Do Goats Need Shade?

When rearing livestock, there are a lot of factors to be considered, which include feeding, shelter and the general health of the livestock. Furthermore, the general health of your livestock is also affected by several factors as well, which usually includes their feed, environment and the weather.

For most ruminant livestock, the weather has far more effect on their health than most owners or farmers care to acknowledge.

So do goats need shade? Yes, of course, goats need shade. Extreme heat is a stressful situation for everyone, including humans, so why then wouldn’t it be an issue for livestock.

The only thing is that some livestock tolerates heat better than others, so goats and sheep are affected less by heat than cattle.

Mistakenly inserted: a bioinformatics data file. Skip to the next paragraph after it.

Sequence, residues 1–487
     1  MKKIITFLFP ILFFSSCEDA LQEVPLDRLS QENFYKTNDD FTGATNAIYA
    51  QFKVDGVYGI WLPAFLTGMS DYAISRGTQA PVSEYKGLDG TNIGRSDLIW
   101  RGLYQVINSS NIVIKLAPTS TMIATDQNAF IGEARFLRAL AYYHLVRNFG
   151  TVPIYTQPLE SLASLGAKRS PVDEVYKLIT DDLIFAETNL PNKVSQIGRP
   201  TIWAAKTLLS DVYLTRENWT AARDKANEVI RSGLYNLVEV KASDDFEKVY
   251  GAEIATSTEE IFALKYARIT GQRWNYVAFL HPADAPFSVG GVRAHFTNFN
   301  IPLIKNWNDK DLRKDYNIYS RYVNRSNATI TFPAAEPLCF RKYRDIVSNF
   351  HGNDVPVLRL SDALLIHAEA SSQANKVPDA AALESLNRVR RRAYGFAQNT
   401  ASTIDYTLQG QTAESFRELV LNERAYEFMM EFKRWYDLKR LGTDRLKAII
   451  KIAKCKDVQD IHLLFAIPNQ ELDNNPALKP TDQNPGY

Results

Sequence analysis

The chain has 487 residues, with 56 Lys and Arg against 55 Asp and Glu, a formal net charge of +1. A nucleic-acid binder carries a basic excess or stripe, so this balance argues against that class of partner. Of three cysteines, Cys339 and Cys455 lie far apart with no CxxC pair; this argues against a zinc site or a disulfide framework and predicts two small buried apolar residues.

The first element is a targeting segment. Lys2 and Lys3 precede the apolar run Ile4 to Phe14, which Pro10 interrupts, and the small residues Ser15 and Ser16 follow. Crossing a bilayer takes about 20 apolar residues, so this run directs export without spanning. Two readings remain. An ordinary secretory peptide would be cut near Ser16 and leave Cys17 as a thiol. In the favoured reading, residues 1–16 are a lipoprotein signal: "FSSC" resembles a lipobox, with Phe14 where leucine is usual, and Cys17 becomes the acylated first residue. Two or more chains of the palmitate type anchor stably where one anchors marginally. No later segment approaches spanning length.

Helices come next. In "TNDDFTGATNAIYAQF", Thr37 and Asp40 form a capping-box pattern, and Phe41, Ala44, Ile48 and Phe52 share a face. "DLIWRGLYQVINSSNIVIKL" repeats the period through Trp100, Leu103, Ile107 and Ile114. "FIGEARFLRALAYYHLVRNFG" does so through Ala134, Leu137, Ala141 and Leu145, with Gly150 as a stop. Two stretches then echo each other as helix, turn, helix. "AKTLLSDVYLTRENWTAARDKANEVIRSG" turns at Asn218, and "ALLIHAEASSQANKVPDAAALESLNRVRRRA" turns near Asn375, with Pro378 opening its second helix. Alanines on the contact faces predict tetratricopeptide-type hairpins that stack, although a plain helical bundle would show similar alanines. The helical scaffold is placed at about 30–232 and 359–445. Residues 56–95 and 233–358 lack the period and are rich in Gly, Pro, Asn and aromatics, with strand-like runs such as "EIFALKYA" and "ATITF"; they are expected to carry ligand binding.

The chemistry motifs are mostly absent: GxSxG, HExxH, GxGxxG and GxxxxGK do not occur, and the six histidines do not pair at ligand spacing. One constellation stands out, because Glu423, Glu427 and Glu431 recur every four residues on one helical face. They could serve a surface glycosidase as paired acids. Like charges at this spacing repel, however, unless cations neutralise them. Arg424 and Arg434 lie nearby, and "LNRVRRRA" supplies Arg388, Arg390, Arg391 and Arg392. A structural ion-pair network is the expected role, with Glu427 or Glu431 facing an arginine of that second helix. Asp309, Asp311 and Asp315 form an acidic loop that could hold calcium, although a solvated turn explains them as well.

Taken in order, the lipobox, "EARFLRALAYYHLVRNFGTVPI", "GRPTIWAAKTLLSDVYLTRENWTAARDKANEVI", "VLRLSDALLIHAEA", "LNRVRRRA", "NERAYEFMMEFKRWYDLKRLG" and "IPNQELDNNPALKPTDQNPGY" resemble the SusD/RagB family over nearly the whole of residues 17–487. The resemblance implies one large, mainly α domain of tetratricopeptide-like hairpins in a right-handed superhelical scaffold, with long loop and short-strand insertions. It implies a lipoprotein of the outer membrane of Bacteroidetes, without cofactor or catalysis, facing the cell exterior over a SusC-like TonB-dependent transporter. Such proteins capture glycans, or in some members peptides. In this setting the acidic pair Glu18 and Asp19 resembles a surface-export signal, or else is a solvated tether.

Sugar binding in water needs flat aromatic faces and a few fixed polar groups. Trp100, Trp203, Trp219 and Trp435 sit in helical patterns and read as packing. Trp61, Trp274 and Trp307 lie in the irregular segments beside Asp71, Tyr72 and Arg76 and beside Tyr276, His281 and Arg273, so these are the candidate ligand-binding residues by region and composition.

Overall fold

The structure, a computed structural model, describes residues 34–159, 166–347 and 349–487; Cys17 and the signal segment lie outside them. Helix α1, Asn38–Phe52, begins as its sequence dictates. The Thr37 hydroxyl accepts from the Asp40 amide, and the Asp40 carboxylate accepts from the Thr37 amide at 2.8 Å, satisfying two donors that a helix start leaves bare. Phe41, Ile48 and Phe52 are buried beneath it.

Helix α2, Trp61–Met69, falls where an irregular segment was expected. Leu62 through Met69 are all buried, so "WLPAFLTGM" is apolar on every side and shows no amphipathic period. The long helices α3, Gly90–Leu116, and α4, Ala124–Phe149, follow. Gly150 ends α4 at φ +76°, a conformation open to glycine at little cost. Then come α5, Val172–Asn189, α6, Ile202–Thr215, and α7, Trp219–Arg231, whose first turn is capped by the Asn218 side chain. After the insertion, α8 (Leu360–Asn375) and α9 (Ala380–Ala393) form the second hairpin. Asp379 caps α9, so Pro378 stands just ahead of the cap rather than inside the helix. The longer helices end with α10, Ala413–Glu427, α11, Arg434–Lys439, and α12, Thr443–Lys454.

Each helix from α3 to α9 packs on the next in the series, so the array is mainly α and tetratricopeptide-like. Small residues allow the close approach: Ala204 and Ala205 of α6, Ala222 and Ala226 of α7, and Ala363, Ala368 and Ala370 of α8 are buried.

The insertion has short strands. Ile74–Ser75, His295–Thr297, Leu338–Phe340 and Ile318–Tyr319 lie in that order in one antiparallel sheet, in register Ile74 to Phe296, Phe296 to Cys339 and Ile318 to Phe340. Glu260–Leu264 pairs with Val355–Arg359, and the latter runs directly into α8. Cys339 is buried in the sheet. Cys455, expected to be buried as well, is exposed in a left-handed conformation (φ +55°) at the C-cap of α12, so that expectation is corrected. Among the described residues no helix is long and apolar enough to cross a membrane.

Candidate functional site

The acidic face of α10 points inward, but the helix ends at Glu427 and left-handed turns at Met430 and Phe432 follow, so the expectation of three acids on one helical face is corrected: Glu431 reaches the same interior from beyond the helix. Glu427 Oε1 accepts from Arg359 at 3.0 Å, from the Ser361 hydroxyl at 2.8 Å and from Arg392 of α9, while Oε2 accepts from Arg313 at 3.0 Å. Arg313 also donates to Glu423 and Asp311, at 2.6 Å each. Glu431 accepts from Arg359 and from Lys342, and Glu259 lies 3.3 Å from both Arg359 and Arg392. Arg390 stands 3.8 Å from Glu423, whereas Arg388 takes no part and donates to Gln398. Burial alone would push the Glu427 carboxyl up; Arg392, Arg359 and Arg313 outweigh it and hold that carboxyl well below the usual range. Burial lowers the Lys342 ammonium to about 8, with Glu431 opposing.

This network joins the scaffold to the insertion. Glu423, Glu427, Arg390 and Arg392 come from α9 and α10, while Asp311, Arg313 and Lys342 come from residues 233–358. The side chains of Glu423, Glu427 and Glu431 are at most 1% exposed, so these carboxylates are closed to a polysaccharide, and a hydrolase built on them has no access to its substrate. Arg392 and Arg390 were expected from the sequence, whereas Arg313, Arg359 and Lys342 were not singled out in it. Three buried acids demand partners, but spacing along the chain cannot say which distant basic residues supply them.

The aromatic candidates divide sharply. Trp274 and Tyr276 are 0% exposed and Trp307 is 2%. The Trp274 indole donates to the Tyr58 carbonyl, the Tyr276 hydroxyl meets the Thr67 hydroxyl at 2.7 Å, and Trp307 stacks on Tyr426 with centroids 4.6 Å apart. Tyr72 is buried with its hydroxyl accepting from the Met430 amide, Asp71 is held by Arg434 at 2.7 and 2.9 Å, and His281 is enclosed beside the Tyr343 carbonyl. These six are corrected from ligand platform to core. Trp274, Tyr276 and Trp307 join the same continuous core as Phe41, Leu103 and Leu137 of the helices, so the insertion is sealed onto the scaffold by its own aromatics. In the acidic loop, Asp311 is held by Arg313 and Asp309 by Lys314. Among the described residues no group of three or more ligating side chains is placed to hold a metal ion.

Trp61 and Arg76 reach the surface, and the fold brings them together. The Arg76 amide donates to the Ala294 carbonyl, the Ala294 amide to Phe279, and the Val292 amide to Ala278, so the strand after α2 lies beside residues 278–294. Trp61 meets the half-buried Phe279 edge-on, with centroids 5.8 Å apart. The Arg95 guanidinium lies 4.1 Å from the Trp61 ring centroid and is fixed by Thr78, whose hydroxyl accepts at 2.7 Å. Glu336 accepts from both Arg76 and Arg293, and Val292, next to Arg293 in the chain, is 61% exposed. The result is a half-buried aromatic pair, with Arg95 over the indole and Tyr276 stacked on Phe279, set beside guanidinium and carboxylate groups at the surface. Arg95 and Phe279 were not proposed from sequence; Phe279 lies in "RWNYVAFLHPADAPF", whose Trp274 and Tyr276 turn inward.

For example, goats are extremely allergic to cold, as cattle are similarly not too good with heat, hence, when exposed to such weather conditions their instinct is to find an out, otherwise, it would be detrimental to their health.

As such, one would expect most goat owners to put this into practice and safeguard their goat pets from such detrimental conditions, but as we’ve stated above, most are usually unaware.

This is the main factor that causes many pastures – full of grazing livestock – in severe heat, often results in death cases.

So, before letting your goats outdoors, you should check if the conditions are appropriate for livestock.

If it is hot outside, be sure that there is a shelter where your goats can find shade and get away from the direct sunlight. You’ll notice that they spend most of their time in those shelters at all times of the day.

Goats in Extreme Heat

For goats, during periods of extreme heat, they still get affected by heat stress and this affects their performance by diminishing dry matter intake while increasing the need for water.

The effect of heat stress goes on to directly impact weight gain and milk production in goats.